Picasso's The Blue Room was among the first paintings produced during the legendary artist's "blue period," a multi-year span that saw him focus on somber works using mostly shades of blue. But this early work contains a fascinating mystery of its own: a hidden portrait of a man that art experts are hoping to identify. For five years, various galleries and institutions have banded together and worked to get a clearer look at the portrait hidden beneath Picaso's 1901 painting. The Associated Press recently got a tour of the progress they've made so far. Infrared imagery reveals a bearded man in a jacket and bow tie resting his hand on the side of his face. Three rings are visible on his fingers, but conservators have been left scratching their heads trying to identify the portrait's subject.

While in Paris, Picasso apparently painted over the man in a moment of inspiration as he started work on The Blue Room. But for decades, curators have suspected there was more to this particular painting. That's largely thanks to its odd brushstrokes, which don't match the main composition of a nude woman bathing in Picasso's studio. "When he had an idea, you know, he just had to get it down and realize it," curator Susan Behrends Frank told the AP. "He could not afford to acquire new canvasses every time he had an idea that he wanted to pursue."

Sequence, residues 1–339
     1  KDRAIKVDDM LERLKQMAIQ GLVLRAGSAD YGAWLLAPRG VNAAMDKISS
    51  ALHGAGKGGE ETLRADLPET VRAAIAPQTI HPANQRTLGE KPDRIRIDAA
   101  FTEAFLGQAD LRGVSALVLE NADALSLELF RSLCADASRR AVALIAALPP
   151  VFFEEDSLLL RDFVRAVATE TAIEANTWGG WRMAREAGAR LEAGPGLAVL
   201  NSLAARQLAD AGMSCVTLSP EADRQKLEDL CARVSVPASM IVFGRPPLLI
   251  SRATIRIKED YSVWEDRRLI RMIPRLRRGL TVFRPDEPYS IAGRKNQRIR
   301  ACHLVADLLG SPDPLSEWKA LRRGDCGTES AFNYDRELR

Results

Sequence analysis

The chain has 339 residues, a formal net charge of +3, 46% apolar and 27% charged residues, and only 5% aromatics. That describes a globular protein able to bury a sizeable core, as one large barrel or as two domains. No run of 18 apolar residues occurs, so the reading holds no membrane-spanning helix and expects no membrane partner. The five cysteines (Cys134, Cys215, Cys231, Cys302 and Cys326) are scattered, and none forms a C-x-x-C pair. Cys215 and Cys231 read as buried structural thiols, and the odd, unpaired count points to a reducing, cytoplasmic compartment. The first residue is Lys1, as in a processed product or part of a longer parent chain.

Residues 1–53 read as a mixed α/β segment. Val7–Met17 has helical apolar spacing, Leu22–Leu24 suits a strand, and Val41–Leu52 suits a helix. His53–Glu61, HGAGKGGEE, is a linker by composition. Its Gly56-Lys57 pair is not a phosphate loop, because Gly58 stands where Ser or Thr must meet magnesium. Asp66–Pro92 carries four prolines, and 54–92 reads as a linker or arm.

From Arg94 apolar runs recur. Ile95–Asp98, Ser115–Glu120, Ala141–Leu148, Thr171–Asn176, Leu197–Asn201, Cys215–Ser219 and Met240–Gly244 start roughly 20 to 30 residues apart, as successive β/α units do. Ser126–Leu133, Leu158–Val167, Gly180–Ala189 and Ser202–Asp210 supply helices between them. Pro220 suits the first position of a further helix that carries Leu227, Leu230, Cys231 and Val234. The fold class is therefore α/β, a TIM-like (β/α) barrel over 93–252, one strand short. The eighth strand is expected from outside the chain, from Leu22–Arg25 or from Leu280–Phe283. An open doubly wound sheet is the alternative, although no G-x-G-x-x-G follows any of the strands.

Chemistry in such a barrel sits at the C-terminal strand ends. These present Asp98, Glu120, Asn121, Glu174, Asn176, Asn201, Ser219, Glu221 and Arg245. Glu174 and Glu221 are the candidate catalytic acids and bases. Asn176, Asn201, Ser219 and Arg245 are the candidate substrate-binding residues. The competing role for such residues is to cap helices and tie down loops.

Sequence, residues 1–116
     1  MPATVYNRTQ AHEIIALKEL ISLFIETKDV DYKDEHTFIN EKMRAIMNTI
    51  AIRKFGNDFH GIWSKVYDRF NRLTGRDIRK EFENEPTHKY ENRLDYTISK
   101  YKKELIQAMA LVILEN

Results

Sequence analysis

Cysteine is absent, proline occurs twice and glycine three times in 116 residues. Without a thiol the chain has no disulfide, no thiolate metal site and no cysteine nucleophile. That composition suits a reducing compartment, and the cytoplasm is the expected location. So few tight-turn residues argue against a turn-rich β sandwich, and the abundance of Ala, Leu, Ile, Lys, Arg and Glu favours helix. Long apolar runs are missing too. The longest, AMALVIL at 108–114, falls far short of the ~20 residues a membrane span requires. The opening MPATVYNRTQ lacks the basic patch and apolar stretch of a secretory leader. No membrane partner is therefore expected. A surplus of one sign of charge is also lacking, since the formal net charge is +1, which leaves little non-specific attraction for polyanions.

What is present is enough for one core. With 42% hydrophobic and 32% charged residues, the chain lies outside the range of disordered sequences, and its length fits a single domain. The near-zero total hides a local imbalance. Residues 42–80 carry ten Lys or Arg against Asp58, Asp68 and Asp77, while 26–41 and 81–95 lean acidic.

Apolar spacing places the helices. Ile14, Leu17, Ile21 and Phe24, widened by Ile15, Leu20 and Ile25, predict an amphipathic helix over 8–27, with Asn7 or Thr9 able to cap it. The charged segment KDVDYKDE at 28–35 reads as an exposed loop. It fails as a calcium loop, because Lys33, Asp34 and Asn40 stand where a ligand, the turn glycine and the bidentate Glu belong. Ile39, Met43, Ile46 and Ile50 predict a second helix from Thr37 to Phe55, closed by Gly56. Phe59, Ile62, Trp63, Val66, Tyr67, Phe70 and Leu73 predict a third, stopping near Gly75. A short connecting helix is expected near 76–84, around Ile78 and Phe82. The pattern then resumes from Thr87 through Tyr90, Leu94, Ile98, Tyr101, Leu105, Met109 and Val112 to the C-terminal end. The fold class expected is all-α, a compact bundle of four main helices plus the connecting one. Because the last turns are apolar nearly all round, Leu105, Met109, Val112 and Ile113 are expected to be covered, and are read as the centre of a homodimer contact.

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Picasso's original The Blue Room painting.

Finding the hidden image — first "officially" discovered in 2008 — required turning the painting on its side and countless hours of painstaking analysis from scientists and experts. The Phillips Collection, National Gallery of Art, Cornell University and Delaware's Winterthur Museum all took part in the research. "It's really one of those moments that really makes what you do special," Patricia Favero, a conservator at The Phillips Collection, told the AP. But now Favero and Co. are just as eager to figure out exactly who the hidden man is. "We're still working on answering that question."